The nail-biting end to the Legislature last summer is all but forgotten as winds run cold and a new session looms in January. Projects OK’d for the Yakima River Basin aren't idling with the onslaught of winter. In fact they've sprinted out of the gate and are picking up speed.
That’s because they're built around consensus and shared values, and are good for the economy and the environment. They are designed to meet the needs of families, farms and fish.
As environmental stakeholders Michael Garrity with American Rivers, and Lisa Pelly with Trout Unlimited, put it in a May blog:
The Yakima Basin Integrated Plan is a big deal. For farmers and river flows, certainly, ensuring water reliability as the climate warms and snowpack shrinks and as what’s left of it melts off sooner. For fish, definitely, bringing back what may be the largest sockeye run outside of Canada and Alaska. And for families, without a doubt, the wild places that we love so well will be enjoyed and protected by future generations.
The Yakima Basin Integrated Plan re-imagines how water will be managed in a valley that is home of some of the state’s most fertile croplands.Yakima ranks 12th among all counties nationally and leads the state for crop and animal production and agriculture related employment, something to think about when we consider the fruit, vegetables and meat we eat and the products we consume like beer, wine and toothpaste. We all can support and value “eating locally.”
According to a 2011 Washington State University report on Agriculture’s Contribution to Washington’s Economy, the basin’s irrigation permits the production of tree fruits, wine grapes and potatoes and is a prime growing region for specialty crops including hops, mint and hay.
Washington is one of a handful of states that produces a significant portion of the national total for a number of crops, including apples, cherries, lentils, garbanzo beans, hops, and mint.
Washington’s $9.5 billion in agricultural production supports 82,000 jobs; $1.5 billion in wages; $2.2 billion in proprietor income; $219 million in tax revenues and $16 billion in total economic impact. Food processing and manufacturing support 18,000 jobs, and agriculture and forestry industries support 31,000 jobs, together an $18.8 billion economic impact. In total, nearly $25 billion impact to the state!
Plan out of the starting blocks fast
Ironically, the first action under the farm water program is the largest acquisition of private forestland by the state in 45 years. Proponents would say that’s the beauty of the integrated plan. Capped by a celebratory event on Oct. 1, the state closed on a deal protecting 50,000 acres in the Teanaway watershed high in the Yakima River Basin. The state’s first “ community forest ” will be jointly managed by the departments of Natural Resources and Fish and Wildlife for conservation, recreational and commercial uses.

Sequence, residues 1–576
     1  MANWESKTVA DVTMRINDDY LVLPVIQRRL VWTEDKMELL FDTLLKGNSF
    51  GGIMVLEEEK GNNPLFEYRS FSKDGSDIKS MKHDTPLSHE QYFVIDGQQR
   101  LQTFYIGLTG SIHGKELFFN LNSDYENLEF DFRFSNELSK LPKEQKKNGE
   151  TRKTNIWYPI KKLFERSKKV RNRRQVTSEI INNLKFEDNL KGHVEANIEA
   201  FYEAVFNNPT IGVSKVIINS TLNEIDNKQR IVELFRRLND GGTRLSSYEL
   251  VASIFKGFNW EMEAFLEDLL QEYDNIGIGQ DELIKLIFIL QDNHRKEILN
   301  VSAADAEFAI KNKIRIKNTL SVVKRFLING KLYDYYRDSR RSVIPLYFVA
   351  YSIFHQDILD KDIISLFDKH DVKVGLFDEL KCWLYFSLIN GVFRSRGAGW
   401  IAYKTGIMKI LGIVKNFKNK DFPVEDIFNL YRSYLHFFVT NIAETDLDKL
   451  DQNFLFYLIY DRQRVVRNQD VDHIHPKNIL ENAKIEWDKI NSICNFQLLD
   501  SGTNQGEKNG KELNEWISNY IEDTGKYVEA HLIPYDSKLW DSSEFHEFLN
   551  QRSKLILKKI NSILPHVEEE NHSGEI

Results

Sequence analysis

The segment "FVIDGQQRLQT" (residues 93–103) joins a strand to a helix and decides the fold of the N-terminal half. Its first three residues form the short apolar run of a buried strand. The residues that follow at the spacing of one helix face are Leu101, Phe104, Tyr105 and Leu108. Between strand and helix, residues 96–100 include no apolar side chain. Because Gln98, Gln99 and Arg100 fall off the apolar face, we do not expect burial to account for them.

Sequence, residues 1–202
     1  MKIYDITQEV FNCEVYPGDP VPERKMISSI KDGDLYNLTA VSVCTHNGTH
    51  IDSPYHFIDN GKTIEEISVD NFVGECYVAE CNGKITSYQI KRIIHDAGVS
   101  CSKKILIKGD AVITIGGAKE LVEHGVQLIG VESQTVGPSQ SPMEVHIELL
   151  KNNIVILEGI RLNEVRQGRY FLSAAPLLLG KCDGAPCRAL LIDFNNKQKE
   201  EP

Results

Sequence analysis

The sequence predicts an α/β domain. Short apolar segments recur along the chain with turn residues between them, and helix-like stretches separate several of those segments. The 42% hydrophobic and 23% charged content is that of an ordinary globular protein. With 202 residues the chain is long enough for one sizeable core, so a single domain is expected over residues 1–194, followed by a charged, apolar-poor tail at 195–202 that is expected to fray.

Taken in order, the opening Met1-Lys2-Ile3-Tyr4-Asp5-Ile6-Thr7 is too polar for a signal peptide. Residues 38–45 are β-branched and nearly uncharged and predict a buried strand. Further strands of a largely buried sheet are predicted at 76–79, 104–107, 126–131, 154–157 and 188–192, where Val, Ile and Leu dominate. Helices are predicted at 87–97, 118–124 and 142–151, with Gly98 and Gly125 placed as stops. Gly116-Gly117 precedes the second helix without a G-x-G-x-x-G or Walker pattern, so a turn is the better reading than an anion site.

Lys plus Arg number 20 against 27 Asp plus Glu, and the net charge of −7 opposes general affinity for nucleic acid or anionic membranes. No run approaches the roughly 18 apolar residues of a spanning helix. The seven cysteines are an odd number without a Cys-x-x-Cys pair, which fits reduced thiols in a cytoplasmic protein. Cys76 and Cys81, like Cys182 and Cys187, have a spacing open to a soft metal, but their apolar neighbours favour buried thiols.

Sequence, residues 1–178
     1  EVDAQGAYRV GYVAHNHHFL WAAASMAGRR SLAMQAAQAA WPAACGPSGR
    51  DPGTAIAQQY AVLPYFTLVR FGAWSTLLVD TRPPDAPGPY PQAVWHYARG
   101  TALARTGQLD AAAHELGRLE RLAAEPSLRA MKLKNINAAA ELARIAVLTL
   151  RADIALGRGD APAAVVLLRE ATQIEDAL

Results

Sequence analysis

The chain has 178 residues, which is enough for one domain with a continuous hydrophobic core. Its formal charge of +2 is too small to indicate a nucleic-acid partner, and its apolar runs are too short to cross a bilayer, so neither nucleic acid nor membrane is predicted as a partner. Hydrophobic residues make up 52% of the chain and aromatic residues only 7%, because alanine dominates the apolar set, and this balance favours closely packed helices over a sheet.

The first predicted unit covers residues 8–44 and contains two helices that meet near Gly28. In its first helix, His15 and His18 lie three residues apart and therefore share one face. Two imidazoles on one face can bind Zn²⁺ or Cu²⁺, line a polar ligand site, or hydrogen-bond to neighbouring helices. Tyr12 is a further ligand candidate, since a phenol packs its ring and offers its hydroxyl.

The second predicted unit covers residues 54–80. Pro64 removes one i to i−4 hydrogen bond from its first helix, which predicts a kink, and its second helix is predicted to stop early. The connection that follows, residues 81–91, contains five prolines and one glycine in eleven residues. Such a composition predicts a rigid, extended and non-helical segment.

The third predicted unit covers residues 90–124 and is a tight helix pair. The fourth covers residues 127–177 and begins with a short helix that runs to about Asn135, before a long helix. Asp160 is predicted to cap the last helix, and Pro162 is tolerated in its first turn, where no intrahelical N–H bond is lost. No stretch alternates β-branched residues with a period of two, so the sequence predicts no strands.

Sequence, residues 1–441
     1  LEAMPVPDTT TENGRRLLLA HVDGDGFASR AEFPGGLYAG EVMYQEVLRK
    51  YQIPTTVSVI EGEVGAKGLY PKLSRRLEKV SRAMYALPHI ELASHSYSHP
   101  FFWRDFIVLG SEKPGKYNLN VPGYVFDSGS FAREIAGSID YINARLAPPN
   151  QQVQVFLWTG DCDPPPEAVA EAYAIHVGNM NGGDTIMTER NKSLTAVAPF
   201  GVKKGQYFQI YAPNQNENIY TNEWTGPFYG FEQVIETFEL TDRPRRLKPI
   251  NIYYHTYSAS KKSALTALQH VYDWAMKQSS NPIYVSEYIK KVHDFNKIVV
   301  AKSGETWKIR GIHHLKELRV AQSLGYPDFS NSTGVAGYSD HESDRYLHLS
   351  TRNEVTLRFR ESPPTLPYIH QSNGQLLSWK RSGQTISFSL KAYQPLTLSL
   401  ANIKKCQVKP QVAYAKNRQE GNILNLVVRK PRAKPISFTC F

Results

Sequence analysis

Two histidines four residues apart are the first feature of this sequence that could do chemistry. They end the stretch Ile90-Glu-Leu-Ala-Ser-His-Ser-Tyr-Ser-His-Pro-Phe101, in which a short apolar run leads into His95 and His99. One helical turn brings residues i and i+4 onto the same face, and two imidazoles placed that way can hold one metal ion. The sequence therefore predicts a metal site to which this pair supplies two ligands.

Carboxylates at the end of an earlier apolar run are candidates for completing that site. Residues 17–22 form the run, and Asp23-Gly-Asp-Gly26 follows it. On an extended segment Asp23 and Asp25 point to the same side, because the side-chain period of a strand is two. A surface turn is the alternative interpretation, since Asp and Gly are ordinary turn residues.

Second out of the gate this fall was a piping project along Manastash Creek in Kittitas County that will bring more reliable water to local farmers and open 25 miles of creek passage for endangered steelhead.
The two projects illustrate nicely the elements touted by the plan as the recipe for water success.
The Yakima River Basin Water Resource Management Act of 2013 launches a program that:
- Protects and enhances fish and wildlife;
- Improves availability and reliability and efficiency of water supplies;
- Establishes flexible operational enhancements to prepare for the uncertainties of climate change and drought.
Moving Forward 2013-15
It’s a 30-year plan, says Derek Sandison, director of the state’s Office of Columbia River, and it's already taken 30 years to get here. It builds on decades of conservation and water improvements undertaken in partnership with the U.S. Bureau of Reclamation, Yakama Nation, local irrigation districts, cities and natural resource agencies. It says we can do better.
The Act’s initial $132 million investment jump-starts projects designed to protect farmers who face devastation during drought and likewise fish, which suffer when streamflows are low. And funds are crucial for garnering needed federal support.
Some $99 million went for the outright purchase of the Teanaway forest. The $32 million balance will be spent in keeping with the work group pledge to tackle the basin’s problems comprehensively.
Next on the docket is getting ready to construct fish passage at the Cle Elum Reservoir. This supports the Yakama Nation’s reintroduction of sockeye salmon to the basin and is a first step to achieving fish passage at all of the basin’s reservoirs.
Funding moves forward proposals to tap into 200,000 acre-feet of water now stored in Lake Kachess that we can’t now access and to increase the capacity at Cle Elum by 14,600 acre-feet by raising dam gates three feet, totaling the amount of water targeted for development by 2025.
A study is looking at constructing a pipeline from Kecheelus Lake to Lake Kachess. Connecting the two reservoirs could allow excess water in one basin to be stored and released from the greater capacity in the other basin. Draft environmental impact statements on these projects will be available next summer.
The 2013-2015 capital budget also funds surface and aquifer storage geologic work, numerous water conservation projects, and projects that develop water banking and exchange programs.
The bill stipulates that storage projects benefit both streamflows for fish and out-of-stream uses and sets water supply milestones by Jan. 30, 2025; if not met, the Teanaway Community Forest may be transferred to benefit the Common School Trust.
All the more incentive to cement the relationships built around the plan, and advance the values we all share: clean water to support our beautiful natural resources and to grow crops that feed us here at home in Washington, across the nation and around the world.
Related Flickr site.